ETYMOLOGY OF THE WORD "GENTILE"
Throughout our Bible, the Greek word§θvoς (ethnos) is translated as "gentile" or as "nation." While Christianity today interprets the word "gentile" as "non-Jew," that is not what it means in the Bible. For writers of the Greek O.T. Septuagint, and of the New Testament, §θvoς meant "ethnic group," or "race." It was most often a reference to our ethnic group, our people of Israel, the lost sheep whom Jesus came to redeem. It was sometimes used to refer to "other ethnic group(s)." Whenever you come to the word "gentile" or "nation" in the Bible, try replacing those words with "our ethnic group." The context will make it clear if it refers to "other" ethnic groups. Mostly, Jesus and N.T. writers used the word to mean their own specific ethnic group, the Israelites. Never did they mean "all who are not Israelites!"
Greek Lexicons, and Greek Word Studies, and the Latin Dictionary, and Skeats Dictionary of Etymology clearly define the word "Gentile" and§θvoς as: race, a tribe, a clan.
The Greek wordγέvoς is listed as a subdivision of §θvoς. It is from γέvoς that the Latin words gens and genus, the XVI C. French word gentil, and our word "gentile" come. There is a slight difference between §θvoς and γέvoς. γέvoς is more specifically "racial," while §θvoς is more general as "ethnic group," which of course, does include the racial quality.
Never does any objective scholar attempt to pervert§θvoς to mean "all those who are not of the Jewish race." That is a meaning exactly opposite from its true meaning. Yet, that is the generally accepted meaning of the word "gentile" by modern Christianity. It is only in recent years that this perverted meaning has become commonplace. At the time of the 1611 King James translation, the word "gentile" meant "race, tribe, clan." So, the word "gentile," was properly used for that 1611 translation, but now that the meaning has been radically changed, it is not a proper word for translations today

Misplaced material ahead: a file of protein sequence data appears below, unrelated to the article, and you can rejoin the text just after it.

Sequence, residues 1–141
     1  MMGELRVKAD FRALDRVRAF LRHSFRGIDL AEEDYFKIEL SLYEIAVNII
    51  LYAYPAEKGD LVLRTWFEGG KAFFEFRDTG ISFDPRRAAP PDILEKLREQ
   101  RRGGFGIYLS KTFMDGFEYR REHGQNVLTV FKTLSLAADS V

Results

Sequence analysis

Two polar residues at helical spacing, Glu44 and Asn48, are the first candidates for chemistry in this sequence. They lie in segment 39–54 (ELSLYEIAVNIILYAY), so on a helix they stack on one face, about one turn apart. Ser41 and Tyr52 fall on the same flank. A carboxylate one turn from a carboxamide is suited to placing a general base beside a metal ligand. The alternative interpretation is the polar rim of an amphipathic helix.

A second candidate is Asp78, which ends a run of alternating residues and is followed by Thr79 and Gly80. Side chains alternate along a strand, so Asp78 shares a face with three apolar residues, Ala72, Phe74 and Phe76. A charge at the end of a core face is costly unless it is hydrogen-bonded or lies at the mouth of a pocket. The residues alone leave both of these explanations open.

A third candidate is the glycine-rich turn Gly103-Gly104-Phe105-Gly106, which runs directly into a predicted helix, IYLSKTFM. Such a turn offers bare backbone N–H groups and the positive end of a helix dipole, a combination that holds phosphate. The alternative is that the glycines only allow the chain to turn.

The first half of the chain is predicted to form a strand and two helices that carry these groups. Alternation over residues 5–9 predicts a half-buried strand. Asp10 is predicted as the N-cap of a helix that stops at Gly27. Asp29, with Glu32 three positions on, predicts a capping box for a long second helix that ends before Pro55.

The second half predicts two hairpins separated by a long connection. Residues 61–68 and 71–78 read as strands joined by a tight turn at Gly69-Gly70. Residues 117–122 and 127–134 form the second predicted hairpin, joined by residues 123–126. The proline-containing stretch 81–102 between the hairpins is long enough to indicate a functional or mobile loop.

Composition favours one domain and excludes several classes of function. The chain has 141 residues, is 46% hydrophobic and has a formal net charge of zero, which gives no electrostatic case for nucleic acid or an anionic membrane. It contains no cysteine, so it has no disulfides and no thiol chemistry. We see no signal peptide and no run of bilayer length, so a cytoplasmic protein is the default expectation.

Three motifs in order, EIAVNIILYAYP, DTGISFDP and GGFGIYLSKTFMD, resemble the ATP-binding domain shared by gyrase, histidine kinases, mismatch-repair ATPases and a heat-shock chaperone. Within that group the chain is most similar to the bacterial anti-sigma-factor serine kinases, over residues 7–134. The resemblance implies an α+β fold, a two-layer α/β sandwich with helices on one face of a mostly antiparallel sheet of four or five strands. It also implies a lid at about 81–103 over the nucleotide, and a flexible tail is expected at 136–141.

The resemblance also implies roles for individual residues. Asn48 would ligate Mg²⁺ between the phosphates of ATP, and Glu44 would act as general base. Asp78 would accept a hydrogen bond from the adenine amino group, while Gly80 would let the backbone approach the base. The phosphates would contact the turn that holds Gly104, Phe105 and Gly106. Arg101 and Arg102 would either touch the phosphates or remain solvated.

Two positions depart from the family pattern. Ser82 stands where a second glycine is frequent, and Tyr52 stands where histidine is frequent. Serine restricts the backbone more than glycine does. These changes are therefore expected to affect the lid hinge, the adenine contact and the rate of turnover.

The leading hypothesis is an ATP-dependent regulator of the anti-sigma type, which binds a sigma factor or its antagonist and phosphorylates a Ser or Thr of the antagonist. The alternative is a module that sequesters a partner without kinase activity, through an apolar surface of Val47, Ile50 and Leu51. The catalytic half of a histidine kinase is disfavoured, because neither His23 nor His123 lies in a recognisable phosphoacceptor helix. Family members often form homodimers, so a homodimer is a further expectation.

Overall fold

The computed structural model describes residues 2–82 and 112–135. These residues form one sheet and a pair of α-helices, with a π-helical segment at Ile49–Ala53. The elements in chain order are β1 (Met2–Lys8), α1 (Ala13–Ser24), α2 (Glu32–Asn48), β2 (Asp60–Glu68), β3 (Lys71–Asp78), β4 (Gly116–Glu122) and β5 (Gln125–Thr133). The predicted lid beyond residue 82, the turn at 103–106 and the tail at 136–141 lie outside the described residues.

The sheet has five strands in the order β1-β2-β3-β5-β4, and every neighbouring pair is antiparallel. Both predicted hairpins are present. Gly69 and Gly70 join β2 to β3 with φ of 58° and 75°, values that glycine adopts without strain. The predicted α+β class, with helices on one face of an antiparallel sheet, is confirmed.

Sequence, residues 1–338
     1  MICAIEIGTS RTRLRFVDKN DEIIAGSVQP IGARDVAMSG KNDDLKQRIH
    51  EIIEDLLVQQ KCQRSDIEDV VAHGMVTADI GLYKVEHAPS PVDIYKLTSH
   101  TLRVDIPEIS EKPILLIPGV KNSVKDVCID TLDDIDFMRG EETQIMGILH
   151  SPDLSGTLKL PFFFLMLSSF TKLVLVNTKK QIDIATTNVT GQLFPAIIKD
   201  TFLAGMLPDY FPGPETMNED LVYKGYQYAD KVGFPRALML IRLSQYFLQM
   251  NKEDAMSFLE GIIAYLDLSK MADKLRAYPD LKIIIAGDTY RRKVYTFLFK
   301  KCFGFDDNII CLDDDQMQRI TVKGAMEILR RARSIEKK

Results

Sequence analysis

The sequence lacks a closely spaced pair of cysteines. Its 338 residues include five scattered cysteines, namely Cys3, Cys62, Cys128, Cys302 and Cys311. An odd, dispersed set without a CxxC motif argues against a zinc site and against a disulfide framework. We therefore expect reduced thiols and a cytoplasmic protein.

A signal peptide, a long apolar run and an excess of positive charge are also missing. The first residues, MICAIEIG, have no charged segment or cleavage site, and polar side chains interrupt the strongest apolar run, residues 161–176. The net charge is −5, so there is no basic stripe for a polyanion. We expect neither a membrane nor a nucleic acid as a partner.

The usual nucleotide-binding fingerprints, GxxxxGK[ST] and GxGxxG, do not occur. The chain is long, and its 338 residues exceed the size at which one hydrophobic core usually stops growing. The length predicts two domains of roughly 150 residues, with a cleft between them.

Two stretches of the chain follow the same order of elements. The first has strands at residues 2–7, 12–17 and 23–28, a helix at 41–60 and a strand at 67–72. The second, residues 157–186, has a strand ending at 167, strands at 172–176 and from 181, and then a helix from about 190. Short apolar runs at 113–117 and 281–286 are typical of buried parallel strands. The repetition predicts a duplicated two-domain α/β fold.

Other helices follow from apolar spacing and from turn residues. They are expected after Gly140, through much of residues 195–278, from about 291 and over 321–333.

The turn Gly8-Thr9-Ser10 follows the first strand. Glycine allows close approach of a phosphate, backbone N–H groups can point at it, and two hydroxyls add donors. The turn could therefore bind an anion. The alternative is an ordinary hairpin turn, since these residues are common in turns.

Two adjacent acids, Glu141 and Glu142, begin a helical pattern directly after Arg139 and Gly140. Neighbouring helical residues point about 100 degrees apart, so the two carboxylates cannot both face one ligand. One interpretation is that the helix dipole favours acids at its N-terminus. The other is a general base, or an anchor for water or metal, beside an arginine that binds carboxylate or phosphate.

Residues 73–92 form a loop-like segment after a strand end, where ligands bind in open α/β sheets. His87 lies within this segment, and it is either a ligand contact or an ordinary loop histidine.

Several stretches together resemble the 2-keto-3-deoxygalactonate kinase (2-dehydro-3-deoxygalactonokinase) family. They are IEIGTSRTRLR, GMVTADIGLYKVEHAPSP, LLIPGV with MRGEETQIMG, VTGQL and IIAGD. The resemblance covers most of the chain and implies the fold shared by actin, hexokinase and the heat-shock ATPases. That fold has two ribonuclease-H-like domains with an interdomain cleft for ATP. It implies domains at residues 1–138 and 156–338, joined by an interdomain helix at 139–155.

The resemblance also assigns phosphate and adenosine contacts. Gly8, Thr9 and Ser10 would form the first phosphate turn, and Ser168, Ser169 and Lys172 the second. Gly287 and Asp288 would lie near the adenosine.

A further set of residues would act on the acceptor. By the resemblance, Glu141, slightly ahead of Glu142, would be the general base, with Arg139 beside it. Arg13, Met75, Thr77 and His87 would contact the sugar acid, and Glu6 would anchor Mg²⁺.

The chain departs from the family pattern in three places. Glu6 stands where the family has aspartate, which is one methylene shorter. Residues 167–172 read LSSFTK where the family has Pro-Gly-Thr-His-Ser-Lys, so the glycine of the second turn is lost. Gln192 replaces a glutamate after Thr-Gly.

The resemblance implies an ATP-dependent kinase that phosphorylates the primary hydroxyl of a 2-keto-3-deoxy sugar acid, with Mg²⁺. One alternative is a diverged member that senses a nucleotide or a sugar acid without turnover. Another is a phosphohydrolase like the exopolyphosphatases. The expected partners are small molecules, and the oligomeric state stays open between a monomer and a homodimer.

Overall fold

The perverted coloration of this word's definition has had a tremendous influence on the character of Christianity in the world today. Instead of recognizing Jesus' statements that He came for"none except the lost sheep of the house of Israel," a specific ethnic, racial group, the church now teaches that Jesus came for all others also. This misunderstanding of "gentile," is so pervasive and over-riding, that Christians willingly overlook Jesus' clear and explicit statements regarding the one specific ethnic group for whom He came: "the lost sheep of the house of Israel." Christians offer the New Testament (New Covenant) to all peoples of the world by ignoring the specific words of God in Hebrews 8:8, "I will make a new covenant with the house of Israel and the house of Judah." It is explicit that the new covenant belongs to the descendants of Jacob, not to everyone. Christians charge forth to "save" the world, ignoring the fact that Jesus told His disciples He wouldn't speak clearly to the general public because they might understand and repent and be forgiven. It's no wonder that God must hide the higher truths from Christians; they aren't willing to heed Jesus' explicit instructions.
Old Testament history is a story of one specific ethnic group, a race of people whom God nourished and guided and protected, with obvious lack of concern for any neighboring races, except His stern warnings against mixing with them. When Jesus came, He stated explicitly that He came for none except this specific group. There is no inconsistency or ambiguity regarding this, until now that we have the modern definition of "gentile" as "all others than Jews," the very opposite from its true meaning.